Including ladies in attendance for the recent Republican Women’s Federal Forum luncheon at the Capitol Hill Club (the McCain family town house until the early 1950s), among them Carly Fiorina, businesswoman and McCain economic adviser; Franki Roberts, wife of Kansas Sen. Pat Roberts; Susan Allen, wife of former Virginia Sen. George Allen; Joanne Kemp, wife of former New York congressman Jack Kemp; LaDonna Curzon, Republican activist; and Sally Atwater, widow of the late Republican political strategist Lee Atwater (the couple’s daughter, Ashley Atwater, led the Pledge of Allegiance).

Mrs. Fiorina, former chairman of the board and CEO of Hewlett-Packard, told the crowd that she just returned from Paris, where Mrs. McCain is admired by young and old alike. After all, when she traveled to France two years ago at the age of 94, accompanied by her identical-twin sister Rowena Willis, she tried to rent a car, but was informed she was too old.

So what did the elderly Mrs. McCain do?

She purchased a car, the story was told, and when the twins’ French holiday drew to a close, Mrs. McCain sold it.


The University of Mississippi is gearing up to host the first presidential debate of 2008.

Foreign policy and national security issues will be the focus of the much-anticipated showdown between Republican Sen. John McCain and Democrat Sen. Barack Obama, after which a good many of the country’s undecided voters are expected to lineup behind one of the two major-party candidates.

Meanwhile, Washington-based reporters who won’t be on the Oxford, Miss., campus for the Sept. 26 debate are being invited into the National Press Club to watch the political action unfold.

Says press club organizers: “Our new jumbo TV screens will show every frown, eye-roll and smirk — not that we expect any, of course!”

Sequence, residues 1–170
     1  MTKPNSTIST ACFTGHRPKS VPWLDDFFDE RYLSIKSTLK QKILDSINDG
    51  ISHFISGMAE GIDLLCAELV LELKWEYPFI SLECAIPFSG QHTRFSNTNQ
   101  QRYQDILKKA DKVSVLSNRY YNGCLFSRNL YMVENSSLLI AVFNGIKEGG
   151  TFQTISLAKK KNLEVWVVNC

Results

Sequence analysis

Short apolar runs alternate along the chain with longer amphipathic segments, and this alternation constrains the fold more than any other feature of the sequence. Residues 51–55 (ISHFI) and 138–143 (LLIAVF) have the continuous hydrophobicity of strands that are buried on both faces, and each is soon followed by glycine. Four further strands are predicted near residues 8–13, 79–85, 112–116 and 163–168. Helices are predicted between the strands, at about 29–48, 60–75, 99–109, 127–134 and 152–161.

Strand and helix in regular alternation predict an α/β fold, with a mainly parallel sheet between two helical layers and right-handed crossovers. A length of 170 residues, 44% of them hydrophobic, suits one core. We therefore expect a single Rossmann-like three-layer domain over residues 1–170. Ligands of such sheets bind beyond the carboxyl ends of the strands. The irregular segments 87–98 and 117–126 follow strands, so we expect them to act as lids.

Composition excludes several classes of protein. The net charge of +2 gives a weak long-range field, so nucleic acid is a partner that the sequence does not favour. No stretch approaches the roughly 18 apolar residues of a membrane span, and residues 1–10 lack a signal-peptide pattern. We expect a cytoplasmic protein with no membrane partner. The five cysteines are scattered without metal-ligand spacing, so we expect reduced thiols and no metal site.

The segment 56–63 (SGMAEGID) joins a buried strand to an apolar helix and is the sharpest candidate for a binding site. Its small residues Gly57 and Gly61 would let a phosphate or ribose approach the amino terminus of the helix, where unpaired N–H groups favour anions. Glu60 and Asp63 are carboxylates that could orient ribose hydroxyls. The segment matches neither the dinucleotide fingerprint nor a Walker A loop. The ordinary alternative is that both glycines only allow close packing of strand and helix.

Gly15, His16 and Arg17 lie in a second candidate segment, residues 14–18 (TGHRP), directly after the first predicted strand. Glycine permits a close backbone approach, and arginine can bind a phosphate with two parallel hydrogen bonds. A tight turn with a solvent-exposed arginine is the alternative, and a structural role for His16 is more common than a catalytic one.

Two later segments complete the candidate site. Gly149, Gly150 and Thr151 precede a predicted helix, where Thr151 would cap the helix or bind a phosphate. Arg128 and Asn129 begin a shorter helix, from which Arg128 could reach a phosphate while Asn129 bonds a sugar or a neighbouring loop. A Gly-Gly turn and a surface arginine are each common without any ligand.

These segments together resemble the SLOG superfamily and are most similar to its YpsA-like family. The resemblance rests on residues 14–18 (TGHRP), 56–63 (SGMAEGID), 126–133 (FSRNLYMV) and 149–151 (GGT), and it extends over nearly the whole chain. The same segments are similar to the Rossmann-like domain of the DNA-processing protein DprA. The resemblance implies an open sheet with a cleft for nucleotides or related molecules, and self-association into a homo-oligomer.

What do Barack Obama and Jack Kemp have in common?

They both attended Occidental College, a small liberal arts school in Los Angeles, which the Republican Mr. Kemp once noted you “can’t get out of without learning something.”

Ditto for Mr. Obama, the Democratic nominee for president, who says during his two years at Occidental he grew up “after a long hibernation,” learning the values of “hard work, honesty, empathy and compassion.”

In his commencement speech this past May at Wesleyan University, Mr. Obama said the Occidental community first possessed him “with this crazy idea that I was going to work at the grassroots level to bring about change.”

And it was at Occidental, the school recalls in a summary of Mr. Obama’s formative years, that the presidential candidate stopped being called “Barry” and became Barack.


Reader John Hambel writes: “With all the comments about how poorly [House Speaker] Nancy Pelosi’s book is selling, I periodically check to check her ranking. Not only is her book currently [Tuesday] in 58,629th place, Amazon helpfully tells us that ‘others’ that are popular in her category is … Karl Marx!”